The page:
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Santiago de Chile
29 marzo 1953

Los Surcos Inundados
(The Flooded Furrows)
David Rosenmann-Taub

Editorial Cruz del Sur

by Miguel Arteche

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The Flooded Furrows, the second book by David Rosenmann-Taub, is something more than a promise from a writer of our generation.  Rarely have I seen a voice that brings more richness pregnant with true – and very contemporary – poetry than that of Rosenmann-Taub. At last, and it was about time, here is a poet who does not pursue novelty just for its own sake.

The Flooded Furrows brings something that is rather unknown in our young poetry: an awareness of the trade. To write in a state of hallucination was something very entertaining at a certain time; with that, much foolishness was justified. Write some loose lines, let out some incoherent howls, and the poem was done. Or the thought was: someone wrote free verse; I can do that too, and it’s easy. Or: someone invented that delightful scale of sounds – the twelve-tone scale – and here is my chance. The master has genius, and the disciples take it upon themselves to discredit him. Thus it has been and thus will it be. Behind enormous possibilities for authentic artists – the ones for example who started the Vienna School in music, and super-realism – hid legions of incompetents and frauds.

Rosenmann-Taub is not going back to anything. He knows his personal technique, he knows the technique of his trade, and, most important, with those two areas mastered, he writes a strange, moving poetry. An in-depth analysis of the book would reveal the command of adjectival usage, the expertise in the technique of verse: think of the metrical variation of his poems, the creation of words, the richness of the vocabulary that he possesses and uses with familiarity, not letting the bookishness behind be seen.

However, within the precise, hard architecture of his poetry floats a primal world, of elemental beings, not in the manner of shining, graceful creatures of a past or future paradise, but endowed with all the strength and warmth, the bitterness and disillusionment of some inhabitants of any modern city. From them spring forth a furious debating, an interrupted sleep, a world of semi-nightmare, that do not, at times, exclude the touch, the thread of tenderness and of eclogue-like tranquillity. The latest poems of Rosenmann-Taub insist on the theme of love, never monotonously; it is always treated with consummate technical skill. But the boiling center of this poetry is what has been mentioned above; because from there has issued all of his strange art and because this poetry (which, in general, has not particularly evolved since his first book – not that this matters, although some people believe that a poet must always be in a continual thematic ferment) has its inception in that formless world of death, of desolation, of tragic tenderness, of a joy mixed with irony, bitter irony. A world composed of love, primitive sounds, frantic gasping.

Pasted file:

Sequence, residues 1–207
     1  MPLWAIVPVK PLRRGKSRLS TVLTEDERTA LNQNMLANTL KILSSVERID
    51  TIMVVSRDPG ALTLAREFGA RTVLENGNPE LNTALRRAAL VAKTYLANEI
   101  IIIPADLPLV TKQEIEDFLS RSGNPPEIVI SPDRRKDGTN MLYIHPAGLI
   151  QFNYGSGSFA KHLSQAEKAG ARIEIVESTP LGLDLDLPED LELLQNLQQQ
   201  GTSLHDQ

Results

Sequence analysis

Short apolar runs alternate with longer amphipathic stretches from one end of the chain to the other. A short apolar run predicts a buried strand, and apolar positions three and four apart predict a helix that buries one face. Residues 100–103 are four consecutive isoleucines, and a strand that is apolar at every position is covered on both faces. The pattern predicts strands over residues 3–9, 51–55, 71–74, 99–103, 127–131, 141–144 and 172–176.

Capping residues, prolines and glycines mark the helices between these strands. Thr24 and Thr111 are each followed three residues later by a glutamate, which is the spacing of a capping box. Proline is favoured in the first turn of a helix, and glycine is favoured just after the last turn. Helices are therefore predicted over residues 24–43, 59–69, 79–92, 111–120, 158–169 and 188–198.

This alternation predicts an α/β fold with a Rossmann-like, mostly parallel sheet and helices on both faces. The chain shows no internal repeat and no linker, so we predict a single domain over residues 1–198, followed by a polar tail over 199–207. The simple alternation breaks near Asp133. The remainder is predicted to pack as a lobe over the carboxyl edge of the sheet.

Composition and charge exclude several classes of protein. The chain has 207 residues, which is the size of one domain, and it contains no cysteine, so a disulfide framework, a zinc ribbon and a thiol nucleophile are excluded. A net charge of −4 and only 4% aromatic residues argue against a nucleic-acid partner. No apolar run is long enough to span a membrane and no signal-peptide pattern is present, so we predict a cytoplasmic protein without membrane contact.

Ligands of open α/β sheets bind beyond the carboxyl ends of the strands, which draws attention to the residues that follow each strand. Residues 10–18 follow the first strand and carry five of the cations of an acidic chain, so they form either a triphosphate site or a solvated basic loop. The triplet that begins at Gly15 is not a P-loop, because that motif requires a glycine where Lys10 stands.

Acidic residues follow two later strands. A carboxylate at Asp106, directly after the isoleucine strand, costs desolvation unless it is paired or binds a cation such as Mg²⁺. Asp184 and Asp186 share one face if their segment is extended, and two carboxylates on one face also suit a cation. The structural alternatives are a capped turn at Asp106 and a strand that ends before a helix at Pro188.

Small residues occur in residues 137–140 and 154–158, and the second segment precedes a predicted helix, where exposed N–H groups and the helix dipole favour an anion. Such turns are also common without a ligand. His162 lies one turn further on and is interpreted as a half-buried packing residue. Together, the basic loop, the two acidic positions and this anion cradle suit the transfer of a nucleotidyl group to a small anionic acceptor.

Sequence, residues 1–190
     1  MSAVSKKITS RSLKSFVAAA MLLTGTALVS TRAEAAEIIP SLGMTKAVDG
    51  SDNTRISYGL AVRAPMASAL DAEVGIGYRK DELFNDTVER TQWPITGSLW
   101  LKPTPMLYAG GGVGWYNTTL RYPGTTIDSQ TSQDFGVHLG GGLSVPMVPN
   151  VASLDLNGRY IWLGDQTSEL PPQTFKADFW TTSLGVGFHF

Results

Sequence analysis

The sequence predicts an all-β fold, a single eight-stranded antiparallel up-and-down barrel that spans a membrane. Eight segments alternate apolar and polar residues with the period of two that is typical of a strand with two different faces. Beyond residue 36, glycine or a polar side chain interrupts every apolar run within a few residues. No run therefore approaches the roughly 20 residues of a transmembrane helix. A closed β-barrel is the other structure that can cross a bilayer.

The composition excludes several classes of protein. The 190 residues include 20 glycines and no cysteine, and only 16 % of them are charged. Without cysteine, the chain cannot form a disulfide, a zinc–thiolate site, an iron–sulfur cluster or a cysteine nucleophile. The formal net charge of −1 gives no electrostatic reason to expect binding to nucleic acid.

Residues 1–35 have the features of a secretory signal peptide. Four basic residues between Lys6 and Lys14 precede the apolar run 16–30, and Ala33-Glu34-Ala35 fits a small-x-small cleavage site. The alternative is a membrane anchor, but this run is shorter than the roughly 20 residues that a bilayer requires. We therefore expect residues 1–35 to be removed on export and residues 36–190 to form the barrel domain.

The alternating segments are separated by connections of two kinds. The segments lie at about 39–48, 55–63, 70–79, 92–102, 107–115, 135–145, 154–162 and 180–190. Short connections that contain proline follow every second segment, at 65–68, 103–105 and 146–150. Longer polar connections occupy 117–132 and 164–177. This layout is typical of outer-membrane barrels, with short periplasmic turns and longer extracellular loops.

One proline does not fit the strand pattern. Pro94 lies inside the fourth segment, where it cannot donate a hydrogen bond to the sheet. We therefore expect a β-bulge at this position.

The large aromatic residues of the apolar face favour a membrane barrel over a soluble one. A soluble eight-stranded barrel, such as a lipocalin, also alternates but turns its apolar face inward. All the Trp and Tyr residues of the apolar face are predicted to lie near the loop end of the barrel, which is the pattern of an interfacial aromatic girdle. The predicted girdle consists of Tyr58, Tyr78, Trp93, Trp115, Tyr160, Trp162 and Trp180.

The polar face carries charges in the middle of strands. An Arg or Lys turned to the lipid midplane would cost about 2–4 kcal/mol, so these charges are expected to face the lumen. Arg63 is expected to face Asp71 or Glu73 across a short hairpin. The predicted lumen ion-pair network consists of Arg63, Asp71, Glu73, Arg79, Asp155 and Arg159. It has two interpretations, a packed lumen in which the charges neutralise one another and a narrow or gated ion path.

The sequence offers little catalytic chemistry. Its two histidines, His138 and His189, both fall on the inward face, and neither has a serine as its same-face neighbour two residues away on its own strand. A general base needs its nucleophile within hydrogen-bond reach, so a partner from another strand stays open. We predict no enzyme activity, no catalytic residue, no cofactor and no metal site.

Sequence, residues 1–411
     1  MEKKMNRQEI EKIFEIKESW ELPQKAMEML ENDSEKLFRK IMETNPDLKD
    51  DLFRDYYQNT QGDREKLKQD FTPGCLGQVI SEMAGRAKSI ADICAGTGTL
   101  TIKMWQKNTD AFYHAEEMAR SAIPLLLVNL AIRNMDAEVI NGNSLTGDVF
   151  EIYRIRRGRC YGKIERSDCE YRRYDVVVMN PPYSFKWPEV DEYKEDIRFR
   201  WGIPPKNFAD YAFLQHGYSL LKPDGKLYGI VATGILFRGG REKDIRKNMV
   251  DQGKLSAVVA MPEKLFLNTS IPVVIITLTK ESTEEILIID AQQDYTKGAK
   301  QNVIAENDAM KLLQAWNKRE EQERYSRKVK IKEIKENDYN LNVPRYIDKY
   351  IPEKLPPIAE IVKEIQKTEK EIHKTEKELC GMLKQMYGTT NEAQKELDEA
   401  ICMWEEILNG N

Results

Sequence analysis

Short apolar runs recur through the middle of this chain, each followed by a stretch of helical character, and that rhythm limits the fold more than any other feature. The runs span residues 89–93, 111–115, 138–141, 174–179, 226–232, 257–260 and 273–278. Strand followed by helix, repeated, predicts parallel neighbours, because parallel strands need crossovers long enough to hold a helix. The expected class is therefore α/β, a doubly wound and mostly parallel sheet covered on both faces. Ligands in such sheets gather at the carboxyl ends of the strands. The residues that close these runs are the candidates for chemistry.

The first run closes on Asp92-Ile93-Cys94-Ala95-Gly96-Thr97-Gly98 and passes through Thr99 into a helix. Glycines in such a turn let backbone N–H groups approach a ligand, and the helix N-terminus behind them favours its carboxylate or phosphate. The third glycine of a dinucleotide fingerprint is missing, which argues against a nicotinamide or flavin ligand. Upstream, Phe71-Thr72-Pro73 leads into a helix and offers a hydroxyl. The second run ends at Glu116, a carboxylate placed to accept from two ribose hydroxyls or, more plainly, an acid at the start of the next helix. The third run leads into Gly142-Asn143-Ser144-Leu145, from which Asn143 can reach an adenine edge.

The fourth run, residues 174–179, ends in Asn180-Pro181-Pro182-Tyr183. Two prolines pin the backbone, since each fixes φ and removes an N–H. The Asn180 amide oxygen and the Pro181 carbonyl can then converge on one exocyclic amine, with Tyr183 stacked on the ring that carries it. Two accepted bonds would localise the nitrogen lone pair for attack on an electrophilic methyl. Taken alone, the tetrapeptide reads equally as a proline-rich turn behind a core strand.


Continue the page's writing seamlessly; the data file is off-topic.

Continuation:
The “Segunda sonata” (“Second Sonata”), which ends the book, contains one of the best and most extraordinary moments of David Rosenmann-Taub. The process of division into tempos is unmistakable – the three parts titled “Pórtico” (“Portico”), Abismo (“Abyss”), “Réquiem” (“Requiem”) do not, naturally, have the same pace, the same dramatic tension, with which Rosenmann-Taub has invested the poem. The way of treating that division shows a closeness to musical technique. Let’s be clear: it is not musical poetry, an absurd thing that some believe to exist, but simply an external similarity to sonata form. This can be seen from the title. But it is in the depths of the poem, in the world that the reader of poetry creates, in the emotion imparted to the reader, in that landscape which passes from the poet to the one who reads, that the relation with music is found, and not in the use of words with any musical value or in the accenting of the line. The differences of “tempo”are vibrating in the depths of the poetry, moving in a sea that is constantly helped by external form.

The theme is eternal: death. The death of a child. At the end of the third movement of the sonata, the atmosphere is a mixture of a very profound, desperate tenderness and a soft, warm, pleading playfulness. The first two tempos part company. The first: a kind of mocking prelude, with a childish tone in which there does not exist the slightest hint of death, not even in the first lines, where a note of nostalgia seems to appear. The second: the landscape changes completely. Once the ironic, mocking tone has disappeared, one enters, directly, and in the first line, a dark, mortal terrain, with a fateful omen: